As seen therein, the turn-on fields, Eto, were calculated for the devices, with the values listed in Table 1 indicating high field emission. A nominal current density of 1 mA/cm2 over the entire top surface of a nanotube, was achieved easily at threshold fields of 2.16 and 0.76 V/μm for the samples of devices made according to the invention. These values can be reduced by patterning smaller-diameter pillars. Further electrical isolation of the emitting nanotubes from neighboring nanotubes may be provided by use of a dielectric material or insulator therebetween to improve field emission characteristics. As an example, in the samples of field emitters according to the invention, the devices formed had very few tips exposed above the PDMS surface, and those nanotubes that were exposed, had an exposed length of approximately 2 to 3 μm, while being separated by distances of similar or larger lengths. This arrangement was found to decrease mutual screening of the electric fields produced by the nanotubes, and provides large field-enhancement factors with low turn-on fields. The stability provided by embedding the nanotubes within the PDMS matrix prevents movement of the nanotubes with respect to the cathode during high-field operations, providing a well functioning and durable device. For example sub-1 V/μm turn-on fields and threshold fields of a few volts per micrometer may be provided, while remaining stable, flexible and transferable. Such field effect transmission devices may be used for various portable electronic and electro-mechanical devices or other applications.

A field emission display according to the invention may then be formed using the flexible FED as shown in FIG. 12 as an example. As the composite systems are shown to have very efficient electron emission, this may be used to provide a large screen display based on FED technology. Carbon nanostructures on a flexible plastic substrate can provide significant advantages in manufacturing of flexible displays for various applications as previously noted.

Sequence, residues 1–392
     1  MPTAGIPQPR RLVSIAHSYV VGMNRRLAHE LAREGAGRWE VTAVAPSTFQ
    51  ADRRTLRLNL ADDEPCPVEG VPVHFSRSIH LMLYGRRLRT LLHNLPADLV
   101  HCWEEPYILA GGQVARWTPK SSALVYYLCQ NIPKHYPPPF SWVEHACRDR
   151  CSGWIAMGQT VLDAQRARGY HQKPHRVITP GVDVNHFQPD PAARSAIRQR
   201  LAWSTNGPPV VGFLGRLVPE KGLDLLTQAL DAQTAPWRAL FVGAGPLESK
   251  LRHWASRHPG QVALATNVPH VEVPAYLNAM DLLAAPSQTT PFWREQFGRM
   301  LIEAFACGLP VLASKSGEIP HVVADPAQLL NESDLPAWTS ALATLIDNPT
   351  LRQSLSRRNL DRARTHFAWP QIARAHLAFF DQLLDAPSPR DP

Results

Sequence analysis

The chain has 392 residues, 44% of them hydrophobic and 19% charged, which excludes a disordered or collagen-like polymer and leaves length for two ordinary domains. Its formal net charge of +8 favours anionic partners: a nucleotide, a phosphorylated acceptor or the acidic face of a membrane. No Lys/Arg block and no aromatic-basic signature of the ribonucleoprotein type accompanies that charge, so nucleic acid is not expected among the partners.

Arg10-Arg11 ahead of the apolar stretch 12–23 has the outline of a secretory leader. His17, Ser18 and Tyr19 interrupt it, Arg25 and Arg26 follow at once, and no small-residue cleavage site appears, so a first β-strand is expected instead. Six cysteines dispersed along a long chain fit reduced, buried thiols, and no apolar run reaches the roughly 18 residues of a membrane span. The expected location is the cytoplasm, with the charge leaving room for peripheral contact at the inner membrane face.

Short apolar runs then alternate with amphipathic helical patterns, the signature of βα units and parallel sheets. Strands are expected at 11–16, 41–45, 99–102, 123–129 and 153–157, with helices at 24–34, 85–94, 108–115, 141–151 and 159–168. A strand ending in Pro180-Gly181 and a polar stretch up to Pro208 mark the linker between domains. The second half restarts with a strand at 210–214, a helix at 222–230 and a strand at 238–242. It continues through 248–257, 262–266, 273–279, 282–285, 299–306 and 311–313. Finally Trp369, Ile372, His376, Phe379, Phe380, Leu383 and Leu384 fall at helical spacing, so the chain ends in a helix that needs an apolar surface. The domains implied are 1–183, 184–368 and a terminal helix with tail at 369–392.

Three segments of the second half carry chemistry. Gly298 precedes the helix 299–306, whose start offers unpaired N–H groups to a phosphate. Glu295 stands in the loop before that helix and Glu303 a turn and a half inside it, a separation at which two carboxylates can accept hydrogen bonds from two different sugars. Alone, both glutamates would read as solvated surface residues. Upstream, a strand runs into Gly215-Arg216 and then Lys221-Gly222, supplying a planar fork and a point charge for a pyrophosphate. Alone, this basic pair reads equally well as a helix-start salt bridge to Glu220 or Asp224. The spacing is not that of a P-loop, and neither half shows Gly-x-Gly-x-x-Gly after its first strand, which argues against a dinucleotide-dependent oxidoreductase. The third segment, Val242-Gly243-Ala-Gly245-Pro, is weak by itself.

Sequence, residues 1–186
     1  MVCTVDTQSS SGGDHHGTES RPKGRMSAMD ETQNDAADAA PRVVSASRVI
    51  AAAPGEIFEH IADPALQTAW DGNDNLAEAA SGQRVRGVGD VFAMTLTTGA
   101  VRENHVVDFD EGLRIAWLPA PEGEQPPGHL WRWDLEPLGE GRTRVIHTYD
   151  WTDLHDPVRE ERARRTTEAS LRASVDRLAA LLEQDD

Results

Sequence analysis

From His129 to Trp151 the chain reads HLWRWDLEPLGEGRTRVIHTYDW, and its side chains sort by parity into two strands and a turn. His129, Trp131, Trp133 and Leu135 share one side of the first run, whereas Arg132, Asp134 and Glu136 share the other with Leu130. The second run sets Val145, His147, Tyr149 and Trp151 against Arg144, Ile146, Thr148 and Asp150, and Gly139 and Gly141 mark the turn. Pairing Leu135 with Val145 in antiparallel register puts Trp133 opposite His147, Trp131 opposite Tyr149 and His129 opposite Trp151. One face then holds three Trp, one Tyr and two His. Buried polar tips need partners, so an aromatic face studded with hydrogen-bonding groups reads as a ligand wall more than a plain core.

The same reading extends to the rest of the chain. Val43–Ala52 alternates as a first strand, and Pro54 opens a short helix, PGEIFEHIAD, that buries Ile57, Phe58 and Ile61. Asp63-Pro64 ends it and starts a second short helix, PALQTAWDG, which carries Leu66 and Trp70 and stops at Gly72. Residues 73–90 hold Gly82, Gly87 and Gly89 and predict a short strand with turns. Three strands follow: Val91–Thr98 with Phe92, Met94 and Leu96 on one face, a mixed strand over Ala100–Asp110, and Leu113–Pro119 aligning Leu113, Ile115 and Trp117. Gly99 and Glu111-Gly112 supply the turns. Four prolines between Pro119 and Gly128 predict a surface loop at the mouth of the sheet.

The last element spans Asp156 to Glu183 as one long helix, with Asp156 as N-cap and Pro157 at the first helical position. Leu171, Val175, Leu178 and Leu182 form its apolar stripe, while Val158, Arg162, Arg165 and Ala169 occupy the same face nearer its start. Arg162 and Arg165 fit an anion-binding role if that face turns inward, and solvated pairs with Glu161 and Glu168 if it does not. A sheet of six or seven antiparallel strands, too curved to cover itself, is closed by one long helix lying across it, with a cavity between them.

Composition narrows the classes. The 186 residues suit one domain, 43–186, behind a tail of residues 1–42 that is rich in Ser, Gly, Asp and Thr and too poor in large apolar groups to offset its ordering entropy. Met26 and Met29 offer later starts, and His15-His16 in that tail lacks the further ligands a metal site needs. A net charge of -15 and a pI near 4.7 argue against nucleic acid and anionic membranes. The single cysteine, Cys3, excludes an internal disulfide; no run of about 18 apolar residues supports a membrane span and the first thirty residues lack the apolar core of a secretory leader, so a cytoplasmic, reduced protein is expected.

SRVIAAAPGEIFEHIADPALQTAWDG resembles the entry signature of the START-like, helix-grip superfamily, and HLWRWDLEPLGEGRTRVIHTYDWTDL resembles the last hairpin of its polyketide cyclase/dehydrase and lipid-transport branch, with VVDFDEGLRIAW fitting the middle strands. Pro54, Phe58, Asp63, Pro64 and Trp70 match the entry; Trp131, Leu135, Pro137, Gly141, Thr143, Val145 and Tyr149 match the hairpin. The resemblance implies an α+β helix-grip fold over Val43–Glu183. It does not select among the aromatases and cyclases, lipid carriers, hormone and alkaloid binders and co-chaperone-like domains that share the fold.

In another application according to the invention, a bioactive or biocompatible coating may be formed using nanotubes disposed in a polymer matrix. Such a coating may be formed integrated with a polymer and formed to simulate macroscopic objects such as synthetic blood vessels, stints, membranes for dialysis, and other components, which may be exposed to blood or other biological materials. As shown in FIG. 13, a method of forming carbon nanotubes on the inside of a polymer/nanotube composite capillary is shown, wherein a glass rod or other suitable substrate 40 has carbon nanotubes 42 grown over its exterior surface. The rod with carbon nanotube fibers grown thereon may then be disposed in a larger diameter capillary 44. The annulus surrounding the glass rod 40 with carbon nanotubes 42 disposed thereon is then filled with a suitable monomer or other polymer precursor material 46, and polymerization is accomplished in any suitable manner, such as by the application of heat or the like. The polymer layer 46 is then disposed completely around the glass rod 40 and carbon nanotubes 42 formed thereon, thereby embedding the nanotubes in the polymer matrix. After polymerization, the glass rod 40 can be removed and polymeric tubes with CNT embedded therein are formed. In an example, a desired length of the embedded nanotubes are selectively exposed so as to enable contacting a biological fluid disposed or flowing through the capillary. It is also possible to functionalize the inside of the capillaries with fluorinated monolayers to simplify the removal of the glass rod from a finished tube. Further, it is possible to provide additional chemical properties by use of different monomers and cross-linking groups to prepare elastomers having desired mechanical strengths or other properties. The carbon nanotube surface exposed on the interior of the capillary may have various beneficial applications, such as a coating to prevent inflammatory response, or as a stimuli for cell growth using electrical currents for tissue engineering. Although the formation of a synthetic blood vessel or capillary is shown, a similar approach may be used for providing carbon nanotube architectures in any shape which needs to be replicated for biological applications. The flexibility of the use of various polymer materials, as well as the ability to combine chemical characteristics in association with the polymer matrix and embedded nanotube structure, provides a great amount of flexibility in adapting the composites for various applications.